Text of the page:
Many of us have received “CARE packages” at one time or another. College students, service members, or just those with birthdays have all appreciated these special deliveries. It’s like a box of presents with a smile.
These kinds of parcels have even played a significant role in world affairs. General Lucius Clay praised the use of CARE packages in Germany after World War II saying, “the physical and psychological effects of this aid were immense.”
For a second-grade girl in Yemen named Arwa, a “CARE package” of food rations means something else: an education. When the UN World Food Programme (WFP) provided rations at school, this was an incentive for her parents to send her to class. She would become a breadwinner of sorts.
Living in rural Yemen, Arwa’s family is poor and getting basic foods is a struggle. When food prices are high, which they often are in Yemen, it becomes even harder to put bread on the table. In Yemen, over seven million people, one third of the population, are in this food insecurity trap, and many others just barely stay out of the pit.
Arwa and her family are not asking for much. They just want things many of us take for granted. With just one relatively inexpensive plan, WFP was feeding families and providing children like Arwa a chance to learn and become almost anything they set their mind to.
But then the funding cuts came, and this food for education program went by the wayside. How many people know that the WFP food for education program in Yemen has only had one limited distribution since June 2009? WFP relies on voluntary funding from the international community.
School feeding rations are no longer being distributed in Yemen because of low funding for the UN World Food Programme. High food prices and lack of funding have devastated the Food for Education effort in Yemen over the last several years. (WFP/Maria Santamarina)
Tragically, donors have shown little interest in funding projects that feed and educate children in Yemen. It is disastrous policymaking at its worst. For food and education are what will change Yemen in the long run. A country cannot stand, with malnourished and uneducated children.
Yemen has been in the news a lot lately because of ongoing political unrest. From Yemen we hear the defiant words of President Saleh who won’t step down. We hear from protesters and others calling for change in the poorest country in the Middle East.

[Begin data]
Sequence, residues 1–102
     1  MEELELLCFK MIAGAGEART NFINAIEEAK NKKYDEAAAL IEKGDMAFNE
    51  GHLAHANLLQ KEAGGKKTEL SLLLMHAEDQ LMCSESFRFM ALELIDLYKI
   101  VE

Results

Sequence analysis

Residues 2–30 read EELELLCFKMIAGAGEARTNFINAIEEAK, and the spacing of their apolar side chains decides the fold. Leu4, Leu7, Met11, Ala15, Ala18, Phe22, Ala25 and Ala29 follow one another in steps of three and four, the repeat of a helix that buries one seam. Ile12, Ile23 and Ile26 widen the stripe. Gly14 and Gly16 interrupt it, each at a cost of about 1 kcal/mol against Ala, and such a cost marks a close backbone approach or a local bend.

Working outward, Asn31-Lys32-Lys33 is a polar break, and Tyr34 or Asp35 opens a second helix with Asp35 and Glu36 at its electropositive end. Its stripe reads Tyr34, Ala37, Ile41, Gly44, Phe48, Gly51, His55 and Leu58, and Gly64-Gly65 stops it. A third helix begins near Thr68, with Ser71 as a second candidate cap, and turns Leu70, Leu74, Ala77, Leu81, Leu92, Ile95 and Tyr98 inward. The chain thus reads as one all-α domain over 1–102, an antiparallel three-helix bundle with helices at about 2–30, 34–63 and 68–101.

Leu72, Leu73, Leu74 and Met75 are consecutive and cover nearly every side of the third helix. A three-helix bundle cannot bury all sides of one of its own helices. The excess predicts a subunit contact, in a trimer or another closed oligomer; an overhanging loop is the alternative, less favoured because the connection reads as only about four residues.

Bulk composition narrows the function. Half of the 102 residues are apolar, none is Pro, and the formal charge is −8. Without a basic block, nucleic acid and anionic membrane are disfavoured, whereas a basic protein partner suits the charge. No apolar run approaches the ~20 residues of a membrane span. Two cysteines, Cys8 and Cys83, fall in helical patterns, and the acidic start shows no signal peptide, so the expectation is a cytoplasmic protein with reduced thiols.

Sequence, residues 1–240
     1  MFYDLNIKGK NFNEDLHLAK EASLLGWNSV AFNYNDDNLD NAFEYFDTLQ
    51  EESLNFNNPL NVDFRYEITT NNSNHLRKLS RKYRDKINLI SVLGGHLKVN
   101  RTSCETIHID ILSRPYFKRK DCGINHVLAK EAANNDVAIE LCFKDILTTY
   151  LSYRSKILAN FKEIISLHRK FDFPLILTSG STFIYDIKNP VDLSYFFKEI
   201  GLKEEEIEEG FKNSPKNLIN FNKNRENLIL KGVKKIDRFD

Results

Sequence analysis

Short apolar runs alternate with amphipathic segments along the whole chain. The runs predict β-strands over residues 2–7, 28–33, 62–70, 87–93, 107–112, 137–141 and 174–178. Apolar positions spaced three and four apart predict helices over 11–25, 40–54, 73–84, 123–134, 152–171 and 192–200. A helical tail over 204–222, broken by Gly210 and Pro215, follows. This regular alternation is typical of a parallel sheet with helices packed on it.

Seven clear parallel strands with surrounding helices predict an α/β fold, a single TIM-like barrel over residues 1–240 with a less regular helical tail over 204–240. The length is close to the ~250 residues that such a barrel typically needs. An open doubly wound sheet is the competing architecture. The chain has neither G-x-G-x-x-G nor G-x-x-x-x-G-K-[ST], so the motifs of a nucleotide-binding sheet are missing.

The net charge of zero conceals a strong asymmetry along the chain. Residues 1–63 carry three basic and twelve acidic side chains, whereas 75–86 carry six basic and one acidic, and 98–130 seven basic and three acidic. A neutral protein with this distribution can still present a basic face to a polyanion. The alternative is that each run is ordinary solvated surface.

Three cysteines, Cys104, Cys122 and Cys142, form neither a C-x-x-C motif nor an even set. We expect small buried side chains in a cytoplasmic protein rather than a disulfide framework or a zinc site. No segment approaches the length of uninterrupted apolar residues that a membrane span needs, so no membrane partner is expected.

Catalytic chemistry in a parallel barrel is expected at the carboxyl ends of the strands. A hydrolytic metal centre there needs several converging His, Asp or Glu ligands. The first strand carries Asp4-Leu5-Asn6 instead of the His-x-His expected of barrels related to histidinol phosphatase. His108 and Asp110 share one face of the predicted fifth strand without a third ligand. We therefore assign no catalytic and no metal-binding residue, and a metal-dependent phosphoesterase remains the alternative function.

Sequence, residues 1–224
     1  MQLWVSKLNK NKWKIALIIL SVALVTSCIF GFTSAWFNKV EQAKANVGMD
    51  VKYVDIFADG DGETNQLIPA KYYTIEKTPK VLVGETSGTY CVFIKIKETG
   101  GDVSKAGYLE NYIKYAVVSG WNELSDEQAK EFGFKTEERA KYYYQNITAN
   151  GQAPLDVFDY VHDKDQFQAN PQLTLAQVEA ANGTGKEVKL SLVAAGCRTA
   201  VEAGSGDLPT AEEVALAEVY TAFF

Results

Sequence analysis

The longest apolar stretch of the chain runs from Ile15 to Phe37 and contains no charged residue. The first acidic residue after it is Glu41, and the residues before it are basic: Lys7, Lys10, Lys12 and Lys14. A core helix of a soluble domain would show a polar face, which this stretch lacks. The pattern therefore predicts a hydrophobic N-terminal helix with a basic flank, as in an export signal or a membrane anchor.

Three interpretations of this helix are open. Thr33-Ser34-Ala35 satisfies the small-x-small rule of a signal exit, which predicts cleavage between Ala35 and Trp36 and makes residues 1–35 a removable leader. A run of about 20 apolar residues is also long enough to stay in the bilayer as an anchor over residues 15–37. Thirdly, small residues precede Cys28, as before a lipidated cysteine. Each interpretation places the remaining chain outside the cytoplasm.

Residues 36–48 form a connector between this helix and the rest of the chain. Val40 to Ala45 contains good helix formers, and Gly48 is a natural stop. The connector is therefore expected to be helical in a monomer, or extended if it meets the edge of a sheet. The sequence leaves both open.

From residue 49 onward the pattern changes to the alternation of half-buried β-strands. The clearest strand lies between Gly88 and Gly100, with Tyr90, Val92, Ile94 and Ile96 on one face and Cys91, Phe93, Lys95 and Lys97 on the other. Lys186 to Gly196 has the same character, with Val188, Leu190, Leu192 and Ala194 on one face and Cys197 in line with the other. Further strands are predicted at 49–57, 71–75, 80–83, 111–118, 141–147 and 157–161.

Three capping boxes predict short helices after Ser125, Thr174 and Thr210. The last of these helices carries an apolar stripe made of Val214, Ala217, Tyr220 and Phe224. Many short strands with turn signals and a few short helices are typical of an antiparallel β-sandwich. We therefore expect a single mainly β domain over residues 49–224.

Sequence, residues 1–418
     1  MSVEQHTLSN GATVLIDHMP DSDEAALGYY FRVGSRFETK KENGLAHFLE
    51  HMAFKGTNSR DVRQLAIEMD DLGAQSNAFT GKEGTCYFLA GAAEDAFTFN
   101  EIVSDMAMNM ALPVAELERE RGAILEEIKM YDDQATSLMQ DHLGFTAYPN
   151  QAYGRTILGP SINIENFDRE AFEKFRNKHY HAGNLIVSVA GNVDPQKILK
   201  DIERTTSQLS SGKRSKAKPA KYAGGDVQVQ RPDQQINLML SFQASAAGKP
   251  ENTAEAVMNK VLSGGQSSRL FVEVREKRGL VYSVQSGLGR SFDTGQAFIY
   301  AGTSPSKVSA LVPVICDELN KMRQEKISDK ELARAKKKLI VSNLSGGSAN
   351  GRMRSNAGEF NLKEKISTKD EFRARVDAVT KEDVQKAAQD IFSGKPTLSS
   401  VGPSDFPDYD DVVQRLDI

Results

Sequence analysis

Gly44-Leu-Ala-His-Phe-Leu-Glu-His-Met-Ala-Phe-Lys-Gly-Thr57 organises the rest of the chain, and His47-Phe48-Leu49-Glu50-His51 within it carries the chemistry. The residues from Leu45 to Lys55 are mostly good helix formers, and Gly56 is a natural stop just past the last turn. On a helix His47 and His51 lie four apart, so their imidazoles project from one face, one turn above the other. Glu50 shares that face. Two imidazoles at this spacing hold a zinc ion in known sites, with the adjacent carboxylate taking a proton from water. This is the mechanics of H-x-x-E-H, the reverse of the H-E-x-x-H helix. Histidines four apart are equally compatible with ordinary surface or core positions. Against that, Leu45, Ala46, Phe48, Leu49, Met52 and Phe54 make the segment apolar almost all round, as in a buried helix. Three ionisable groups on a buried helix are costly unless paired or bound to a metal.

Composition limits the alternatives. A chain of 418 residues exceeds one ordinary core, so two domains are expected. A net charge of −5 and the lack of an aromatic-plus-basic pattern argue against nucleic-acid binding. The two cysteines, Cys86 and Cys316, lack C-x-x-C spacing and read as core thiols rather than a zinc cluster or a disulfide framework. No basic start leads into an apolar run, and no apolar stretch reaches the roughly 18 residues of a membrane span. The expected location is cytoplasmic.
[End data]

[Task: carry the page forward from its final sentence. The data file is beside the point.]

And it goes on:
But let’s take a moment to hear from those whose voices often struggle to be heard. Let’s hear from Arwa and other children who need basics but cannot get them. April/May 2010 was the last time WFP Food for Education rations were distributed in Yemen.
At that time Maria Santamarina of WFP compiled the words of Arwa and other children in the hopes of getting their message out to the world and saving the program. It’s still possible to restart Food for Education, it’s just waiting for the international community to act.
Arwa said, “The most important part of my going to school is to receive the support provided by WFP; we need this food for our home.” Another of the Yemeni children, Hyat, said, “our families need food. It not only helps us have enough to eat, but allows us the opportunity to study.” Hyat wants to become a teacher.
But many students don’t get to realize their dreams in Yemen. And look at the country now; there is instability, Al Qaeda—and who knows what lies around the corner?
What is tragic though is that there is so little discussion on doing things that can save Yemen, like food for education for all children. It would be the most inexpensive and the most useful thing we can do for Yemen and its youth.
Build up the schools in Yemen, provide the rations, and give the people the tools they need to solve their own problems. The primary tool is education. Give the children in Yemen the “CARE packages” that feed their stomachs and minds, and watch a country develop.Powered by Sidelines